For centuries, Native American tribes in California have relied on marine and coastal resources. Many of the indigenous people in California continue to regularly harvest marine resources within their ancestral territories and maintain relationships with the coast for ongoing customary uses. Mattole Canyon is named for the Mattole Tribe, the indigenous people native to this stretch of Mendocino coast. The Mattole Tribe relied on harvesting food from the sea, including salmon and mollusks. Most tribes were displaced when European settlers arrived. The 19th century gold rush brought more settlers, disrupting thousands of years of marine stewardship. Today, the Bear River Band of the Rohnerville Rancheria exists as a federally recognized tribe, with roots in the Cape Mendocino area.

Mattole Canyon SMR is located about three miles north of Punta Gorda, one of the westernmost points in the continental United States. A light station was established at Punta Gorda in 1912, a feat made difficult by the remote, rugged location and lack of roads.

The U.S. Coast Guard assumed command of the Punta Gorda Light Station and constructed a rough beach road to it in 1935, but the road was often impassible, especially during the winter months. In 1951, the Coast Guard placed a lighted whistle buoy offshore and decommissioned the Punta Gorda Light Station. Control of the Punta Gorda Light Station eventually fell to the Bureau of Land Management (BLM). Groups of squatters took up residence in the buildings in the 1960s and, unable to keep people from residing there, BLM burned the wooden structures to the ground. Today, all that remains is the concrete lighthouse, oil house, and a few concrete pads where other structures once stood.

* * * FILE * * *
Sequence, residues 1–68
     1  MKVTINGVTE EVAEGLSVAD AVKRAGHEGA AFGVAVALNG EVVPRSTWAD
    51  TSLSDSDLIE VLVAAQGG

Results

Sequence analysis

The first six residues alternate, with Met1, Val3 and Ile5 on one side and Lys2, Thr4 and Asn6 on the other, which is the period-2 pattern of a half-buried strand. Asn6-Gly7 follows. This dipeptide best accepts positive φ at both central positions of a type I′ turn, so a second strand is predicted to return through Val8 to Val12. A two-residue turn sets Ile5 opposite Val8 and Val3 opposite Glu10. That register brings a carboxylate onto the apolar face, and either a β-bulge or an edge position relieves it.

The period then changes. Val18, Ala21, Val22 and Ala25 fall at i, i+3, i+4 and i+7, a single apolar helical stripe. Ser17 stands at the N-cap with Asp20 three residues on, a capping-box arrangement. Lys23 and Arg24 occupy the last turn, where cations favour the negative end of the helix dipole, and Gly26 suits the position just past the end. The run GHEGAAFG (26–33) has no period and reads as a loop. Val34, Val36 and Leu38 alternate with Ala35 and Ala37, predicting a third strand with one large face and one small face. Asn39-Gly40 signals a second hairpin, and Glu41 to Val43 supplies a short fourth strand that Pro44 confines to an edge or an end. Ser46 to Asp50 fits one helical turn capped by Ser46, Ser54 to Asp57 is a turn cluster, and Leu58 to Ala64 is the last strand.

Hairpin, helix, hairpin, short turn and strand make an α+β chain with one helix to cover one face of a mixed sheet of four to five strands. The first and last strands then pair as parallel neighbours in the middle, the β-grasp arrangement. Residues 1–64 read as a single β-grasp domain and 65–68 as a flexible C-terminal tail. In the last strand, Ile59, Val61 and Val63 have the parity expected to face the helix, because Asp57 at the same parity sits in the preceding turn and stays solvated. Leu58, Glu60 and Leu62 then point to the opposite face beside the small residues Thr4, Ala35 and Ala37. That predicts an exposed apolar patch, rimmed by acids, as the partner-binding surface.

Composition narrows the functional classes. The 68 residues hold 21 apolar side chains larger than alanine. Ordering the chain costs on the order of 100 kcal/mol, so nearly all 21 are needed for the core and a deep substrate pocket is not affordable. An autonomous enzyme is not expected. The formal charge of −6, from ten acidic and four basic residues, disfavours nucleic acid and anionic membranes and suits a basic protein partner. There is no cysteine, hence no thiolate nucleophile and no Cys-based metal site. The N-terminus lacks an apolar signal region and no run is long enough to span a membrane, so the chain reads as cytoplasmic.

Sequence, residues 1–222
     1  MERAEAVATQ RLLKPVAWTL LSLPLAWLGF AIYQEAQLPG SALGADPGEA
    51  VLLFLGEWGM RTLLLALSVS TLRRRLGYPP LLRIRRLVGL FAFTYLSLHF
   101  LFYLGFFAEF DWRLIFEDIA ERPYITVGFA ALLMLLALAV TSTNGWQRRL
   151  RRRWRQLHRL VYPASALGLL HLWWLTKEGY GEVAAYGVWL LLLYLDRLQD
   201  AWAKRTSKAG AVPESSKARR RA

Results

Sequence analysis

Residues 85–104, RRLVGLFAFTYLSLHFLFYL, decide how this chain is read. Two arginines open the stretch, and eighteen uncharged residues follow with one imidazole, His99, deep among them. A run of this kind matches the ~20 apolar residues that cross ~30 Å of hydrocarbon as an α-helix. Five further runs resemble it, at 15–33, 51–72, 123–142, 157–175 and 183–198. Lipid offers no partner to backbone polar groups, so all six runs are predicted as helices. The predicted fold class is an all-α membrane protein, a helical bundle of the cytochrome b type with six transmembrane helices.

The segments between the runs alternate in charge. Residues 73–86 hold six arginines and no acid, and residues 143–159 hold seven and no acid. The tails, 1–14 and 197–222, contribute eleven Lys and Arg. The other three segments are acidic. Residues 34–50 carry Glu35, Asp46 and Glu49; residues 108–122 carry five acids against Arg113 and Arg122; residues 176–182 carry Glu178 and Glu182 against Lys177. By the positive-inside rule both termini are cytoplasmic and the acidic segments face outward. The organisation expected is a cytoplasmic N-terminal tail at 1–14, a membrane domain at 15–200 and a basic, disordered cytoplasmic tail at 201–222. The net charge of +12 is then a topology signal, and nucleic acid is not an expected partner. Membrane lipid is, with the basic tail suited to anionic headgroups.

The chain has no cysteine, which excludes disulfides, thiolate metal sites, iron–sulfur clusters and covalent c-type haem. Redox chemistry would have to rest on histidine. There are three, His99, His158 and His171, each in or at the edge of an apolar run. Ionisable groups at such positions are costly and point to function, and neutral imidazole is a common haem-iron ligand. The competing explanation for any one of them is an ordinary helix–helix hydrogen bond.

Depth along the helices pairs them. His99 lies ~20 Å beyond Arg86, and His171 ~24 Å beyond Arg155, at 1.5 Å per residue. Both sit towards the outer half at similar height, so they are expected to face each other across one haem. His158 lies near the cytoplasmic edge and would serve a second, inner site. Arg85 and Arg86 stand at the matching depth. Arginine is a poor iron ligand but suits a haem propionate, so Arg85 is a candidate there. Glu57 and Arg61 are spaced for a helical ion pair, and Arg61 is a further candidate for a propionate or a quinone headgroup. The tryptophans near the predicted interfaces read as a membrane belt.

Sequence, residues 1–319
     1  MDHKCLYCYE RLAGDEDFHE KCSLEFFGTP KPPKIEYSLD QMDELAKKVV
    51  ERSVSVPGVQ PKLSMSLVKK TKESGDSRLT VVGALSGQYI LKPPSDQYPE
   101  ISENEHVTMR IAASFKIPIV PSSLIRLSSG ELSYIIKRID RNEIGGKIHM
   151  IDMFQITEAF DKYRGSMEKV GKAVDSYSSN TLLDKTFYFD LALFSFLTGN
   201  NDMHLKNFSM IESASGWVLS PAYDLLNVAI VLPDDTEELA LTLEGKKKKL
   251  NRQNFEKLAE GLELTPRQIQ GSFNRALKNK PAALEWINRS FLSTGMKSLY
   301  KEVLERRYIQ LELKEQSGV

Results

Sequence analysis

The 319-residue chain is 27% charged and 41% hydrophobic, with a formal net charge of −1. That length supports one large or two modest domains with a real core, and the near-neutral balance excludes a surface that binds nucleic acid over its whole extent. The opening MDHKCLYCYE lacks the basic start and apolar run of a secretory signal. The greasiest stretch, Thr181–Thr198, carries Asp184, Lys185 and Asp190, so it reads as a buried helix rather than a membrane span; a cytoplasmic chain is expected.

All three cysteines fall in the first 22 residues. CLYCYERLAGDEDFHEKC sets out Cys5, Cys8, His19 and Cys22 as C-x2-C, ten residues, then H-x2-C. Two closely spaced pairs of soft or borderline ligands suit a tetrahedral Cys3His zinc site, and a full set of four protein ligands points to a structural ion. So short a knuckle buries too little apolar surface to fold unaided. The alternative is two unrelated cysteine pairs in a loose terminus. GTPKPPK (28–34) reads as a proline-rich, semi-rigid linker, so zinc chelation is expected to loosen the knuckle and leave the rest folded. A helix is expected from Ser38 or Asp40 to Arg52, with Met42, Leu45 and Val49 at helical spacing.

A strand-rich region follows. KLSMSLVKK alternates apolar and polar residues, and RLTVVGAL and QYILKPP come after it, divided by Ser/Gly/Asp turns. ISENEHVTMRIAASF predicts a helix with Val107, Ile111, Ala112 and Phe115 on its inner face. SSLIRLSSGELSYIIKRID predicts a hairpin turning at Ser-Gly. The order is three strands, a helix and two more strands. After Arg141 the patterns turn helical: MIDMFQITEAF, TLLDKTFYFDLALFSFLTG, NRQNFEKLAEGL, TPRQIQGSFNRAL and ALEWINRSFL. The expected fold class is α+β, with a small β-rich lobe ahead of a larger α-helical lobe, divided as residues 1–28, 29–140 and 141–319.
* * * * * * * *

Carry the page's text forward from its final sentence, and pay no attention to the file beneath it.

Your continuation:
gray and golden skies meet jagged coastline with sparse vegetation along sandy beaches
View from Mattole trailhead looking north near Mattole Canyon SMR. photo © C. Allison, MPA Collaborative Network

Mattole Canyon SMR is located off the Lost Coast, a remote and isolated expanse of wilderness. Mattole Trailhead lies at the mouth of the Mattole River and is the northern entrance to the epic Lost Coast Trail that spans roughly 25 miles of dramatic coastal landscapes.

Mattole Canyon SMR is a no-take marine reserve, where fishing is prohibited. Catch-and-release fishing for salmon and steelhead trout is popular in the nearby Mattole River, but regulations prohibit fishing within 200 yards of the river mouth. In the waters outside of the Mattole Canyon SMR, recreational fishermen brave the turbulent seas in hopes of catching Dungeness crab, albacore, lingcod, and cabezon.

To access the closest campground, turn off of Mattole Road onto Lighthouse Road and take the road about five miles to a BLM campground right on Mattole Beach.



This area is bounded by straight lines connecting the following points in the order listed except where noted:

40° 20.000′ N. lat. 124° 22.500′ W. long.;
40° 20.000′ N. lat. 124° 25.902′ W. long.; thence southward along the three nautical mile offshore boundary to
40° 17.000′ N. lat. 124° 25.869′ W. long.;
40° 17.000′ N. lat. 124° 22.500′ W. long.; and
40° 20.000′ N. lat. 124° 22.500′ W. long.

California Code of Regulations Title 14, Section 632(b)(13)

Mattole Canyon State Marine Reserve


Map of Mattole Canyon State Marine Reserve - click to enlarge in new tab

Facts, Map & Regulations

MPA fact sheet - click to enlarge in new tab